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What the papers say - day four

Prince Charles pays a visit to The Championships 2012.
by Mark Hodgkinson
Thursday 28 June 2012
A photograph of the Queen's handshake with Martin McGuinness is pushed down to the bottom of the front page of today's Telegraph; the main image is, of course, of Heather Watson grinning on Centre Court. The morning after the day before, there is as much coverage of Watson's smile as there is of her forehands and backhands.
"Heather Watson may not boast the fastest serve or the most penetrating groundstrokes in the women's game, but she possesses the biggest smile in tennis," Alan Fraser writes in The Mail. "It flashed across her face like the sun emerging from behind a cloud at her moment of triumph, and remained there until lights out and the start of possibly another sleepless night. There are times when Watson, a teenager until last month, looks like a girl who's just been asked out on her first date, and this was one of them."
In The Times, Neil Harman writes of Watson's "big cheesy grin": "There is a long way to go in terms of having a British woman who might contend for The Championships, but if it was possible to bottle the joie de vivre that Heather Watson brings to the court and utilise it for the betterment of tennis, it would be difficult to put a price on it."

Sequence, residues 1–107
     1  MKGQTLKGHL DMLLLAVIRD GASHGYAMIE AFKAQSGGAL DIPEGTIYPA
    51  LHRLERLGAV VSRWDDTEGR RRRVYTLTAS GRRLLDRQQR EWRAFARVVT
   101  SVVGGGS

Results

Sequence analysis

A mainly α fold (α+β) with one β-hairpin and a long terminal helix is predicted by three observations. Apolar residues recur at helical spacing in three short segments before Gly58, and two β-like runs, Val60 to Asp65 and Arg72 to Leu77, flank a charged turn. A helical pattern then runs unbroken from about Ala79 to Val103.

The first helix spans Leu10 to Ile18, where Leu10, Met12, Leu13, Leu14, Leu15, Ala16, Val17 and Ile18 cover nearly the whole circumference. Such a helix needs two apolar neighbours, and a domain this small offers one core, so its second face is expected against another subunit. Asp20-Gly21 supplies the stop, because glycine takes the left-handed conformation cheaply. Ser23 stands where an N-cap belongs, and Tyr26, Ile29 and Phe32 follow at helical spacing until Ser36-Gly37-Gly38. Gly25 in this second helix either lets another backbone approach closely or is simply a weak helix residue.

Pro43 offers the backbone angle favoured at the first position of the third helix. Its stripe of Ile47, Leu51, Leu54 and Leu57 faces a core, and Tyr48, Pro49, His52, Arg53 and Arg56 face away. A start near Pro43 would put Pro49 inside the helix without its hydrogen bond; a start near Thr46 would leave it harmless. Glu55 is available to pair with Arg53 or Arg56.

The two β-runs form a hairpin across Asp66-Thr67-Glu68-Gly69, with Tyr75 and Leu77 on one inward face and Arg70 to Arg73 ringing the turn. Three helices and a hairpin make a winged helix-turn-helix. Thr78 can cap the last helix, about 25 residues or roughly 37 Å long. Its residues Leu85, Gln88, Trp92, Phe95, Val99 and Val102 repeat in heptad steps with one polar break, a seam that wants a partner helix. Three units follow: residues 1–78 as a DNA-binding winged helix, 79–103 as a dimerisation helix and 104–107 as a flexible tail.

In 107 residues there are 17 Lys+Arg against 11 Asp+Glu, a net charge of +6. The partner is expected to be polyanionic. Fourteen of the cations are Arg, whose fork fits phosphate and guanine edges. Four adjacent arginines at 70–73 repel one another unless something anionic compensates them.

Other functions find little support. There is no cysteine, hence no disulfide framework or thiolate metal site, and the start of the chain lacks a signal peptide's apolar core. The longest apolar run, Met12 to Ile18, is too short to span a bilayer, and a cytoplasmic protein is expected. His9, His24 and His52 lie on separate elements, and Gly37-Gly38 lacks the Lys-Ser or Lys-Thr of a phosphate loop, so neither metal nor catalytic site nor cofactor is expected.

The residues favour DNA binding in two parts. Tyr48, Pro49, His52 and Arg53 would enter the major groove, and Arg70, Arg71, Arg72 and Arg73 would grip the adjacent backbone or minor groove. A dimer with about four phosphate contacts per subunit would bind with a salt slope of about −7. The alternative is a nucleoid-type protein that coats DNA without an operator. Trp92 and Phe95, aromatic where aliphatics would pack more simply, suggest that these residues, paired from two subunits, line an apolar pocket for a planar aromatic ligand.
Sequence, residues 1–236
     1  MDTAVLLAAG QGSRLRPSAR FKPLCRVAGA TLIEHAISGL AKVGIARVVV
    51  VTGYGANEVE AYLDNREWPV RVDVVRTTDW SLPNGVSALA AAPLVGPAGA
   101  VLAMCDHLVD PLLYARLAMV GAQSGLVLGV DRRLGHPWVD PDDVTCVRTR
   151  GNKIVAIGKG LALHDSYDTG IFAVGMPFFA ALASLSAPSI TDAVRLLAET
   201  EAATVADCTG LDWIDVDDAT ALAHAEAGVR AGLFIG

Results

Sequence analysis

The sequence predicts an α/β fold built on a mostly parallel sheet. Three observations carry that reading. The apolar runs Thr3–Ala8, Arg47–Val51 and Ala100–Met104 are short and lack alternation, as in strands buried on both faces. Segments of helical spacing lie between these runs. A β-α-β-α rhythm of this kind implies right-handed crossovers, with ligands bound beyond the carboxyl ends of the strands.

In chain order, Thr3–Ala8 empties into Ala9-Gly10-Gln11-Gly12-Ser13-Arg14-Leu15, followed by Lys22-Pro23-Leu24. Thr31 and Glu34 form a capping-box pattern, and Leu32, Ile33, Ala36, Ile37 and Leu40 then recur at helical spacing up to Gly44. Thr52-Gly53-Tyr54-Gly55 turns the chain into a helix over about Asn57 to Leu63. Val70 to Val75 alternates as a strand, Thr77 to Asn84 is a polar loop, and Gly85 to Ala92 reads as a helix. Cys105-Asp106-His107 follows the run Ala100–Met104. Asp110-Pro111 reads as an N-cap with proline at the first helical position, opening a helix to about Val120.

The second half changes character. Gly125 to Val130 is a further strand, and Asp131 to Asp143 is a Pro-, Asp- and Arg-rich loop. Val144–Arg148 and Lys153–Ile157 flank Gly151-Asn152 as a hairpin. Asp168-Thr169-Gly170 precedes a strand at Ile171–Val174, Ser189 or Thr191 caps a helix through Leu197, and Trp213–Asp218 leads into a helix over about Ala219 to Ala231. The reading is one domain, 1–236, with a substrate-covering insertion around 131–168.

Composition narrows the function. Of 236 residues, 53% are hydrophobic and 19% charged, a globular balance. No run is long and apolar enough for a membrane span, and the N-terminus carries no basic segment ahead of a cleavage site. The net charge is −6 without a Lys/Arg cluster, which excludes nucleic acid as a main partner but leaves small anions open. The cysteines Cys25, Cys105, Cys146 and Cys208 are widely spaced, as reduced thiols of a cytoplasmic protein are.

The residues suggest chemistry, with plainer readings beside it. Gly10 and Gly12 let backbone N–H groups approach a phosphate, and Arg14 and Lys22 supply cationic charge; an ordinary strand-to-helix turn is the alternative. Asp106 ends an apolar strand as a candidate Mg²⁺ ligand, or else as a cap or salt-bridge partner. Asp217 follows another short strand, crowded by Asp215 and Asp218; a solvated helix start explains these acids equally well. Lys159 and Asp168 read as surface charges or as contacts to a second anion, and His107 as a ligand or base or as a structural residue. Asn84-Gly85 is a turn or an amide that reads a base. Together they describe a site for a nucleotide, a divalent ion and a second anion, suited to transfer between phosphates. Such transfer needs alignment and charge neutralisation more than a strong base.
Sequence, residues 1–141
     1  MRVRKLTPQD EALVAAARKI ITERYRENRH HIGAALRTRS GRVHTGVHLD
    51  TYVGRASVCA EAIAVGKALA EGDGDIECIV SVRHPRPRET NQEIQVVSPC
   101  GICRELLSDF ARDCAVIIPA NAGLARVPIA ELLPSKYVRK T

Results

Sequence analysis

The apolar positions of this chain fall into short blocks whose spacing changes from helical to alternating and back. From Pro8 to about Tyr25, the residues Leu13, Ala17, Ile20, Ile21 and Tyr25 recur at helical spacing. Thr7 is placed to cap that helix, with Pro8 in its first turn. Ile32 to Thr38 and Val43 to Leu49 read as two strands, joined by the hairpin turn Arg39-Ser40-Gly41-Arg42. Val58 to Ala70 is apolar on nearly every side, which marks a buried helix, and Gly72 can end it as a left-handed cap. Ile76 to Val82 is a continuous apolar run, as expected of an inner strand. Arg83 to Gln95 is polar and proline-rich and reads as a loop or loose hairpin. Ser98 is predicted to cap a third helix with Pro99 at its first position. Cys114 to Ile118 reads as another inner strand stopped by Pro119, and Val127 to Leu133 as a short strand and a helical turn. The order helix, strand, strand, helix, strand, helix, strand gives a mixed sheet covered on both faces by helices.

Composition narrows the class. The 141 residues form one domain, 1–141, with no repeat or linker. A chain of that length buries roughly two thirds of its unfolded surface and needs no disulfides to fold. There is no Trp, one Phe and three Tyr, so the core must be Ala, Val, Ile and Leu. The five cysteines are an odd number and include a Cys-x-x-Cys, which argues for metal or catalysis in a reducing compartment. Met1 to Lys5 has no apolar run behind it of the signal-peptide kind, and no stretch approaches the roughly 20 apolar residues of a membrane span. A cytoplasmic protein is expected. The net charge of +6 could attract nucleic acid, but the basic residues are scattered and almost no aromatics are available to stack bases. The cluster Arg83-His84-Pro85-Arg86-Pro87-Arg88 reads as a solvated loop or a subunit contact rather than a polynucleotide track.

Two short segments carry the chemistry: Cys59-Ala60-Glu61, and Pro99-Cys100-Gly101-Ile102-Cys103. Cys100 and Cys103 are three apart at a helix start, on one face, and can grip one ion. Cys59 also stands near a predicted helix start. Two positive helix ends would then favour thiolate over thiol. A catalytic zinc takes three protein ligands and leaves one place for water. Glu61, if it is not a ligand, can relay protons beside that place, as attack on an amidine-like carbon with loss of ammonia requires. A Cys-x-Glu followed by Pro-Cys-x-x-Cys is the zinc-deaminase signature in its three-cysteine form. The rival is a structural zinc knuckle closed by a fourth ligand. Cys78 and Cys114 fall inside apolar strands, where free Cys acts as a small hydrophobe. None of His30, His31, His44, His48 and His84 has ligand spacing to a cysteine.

Ian Chadband of The Telegraph was on Centre Court to watch Prince Charles watching Roger Federer. And also to watch Sir Bruce Forsyth and his wife watch Federer. "Even the Prince of Wales and the Duchess of Cornwall knew their place when they stepped into the court of King Roger here at Wimbledon. On his first visit to The Championships for 42 years, Prince Charles ended up on his feet, applauding Roger Federer'swizardry on Centre Court. Charles is by no accounts a great lover of tennis but Camilla is a big fan and, anyway, watching Federer performing so majestically in what is supposed to be the twilight of his career is not really about the tennis any more. " Chadband writes. "It is more about being able to say 'I was there' while the great man was still strutting his inimitable stuff. Or as Sir Bruce Forsyth, sitting with his wife next to the royal couple in the front row of the box, appeared to be saying: nice to see him, to see him..."

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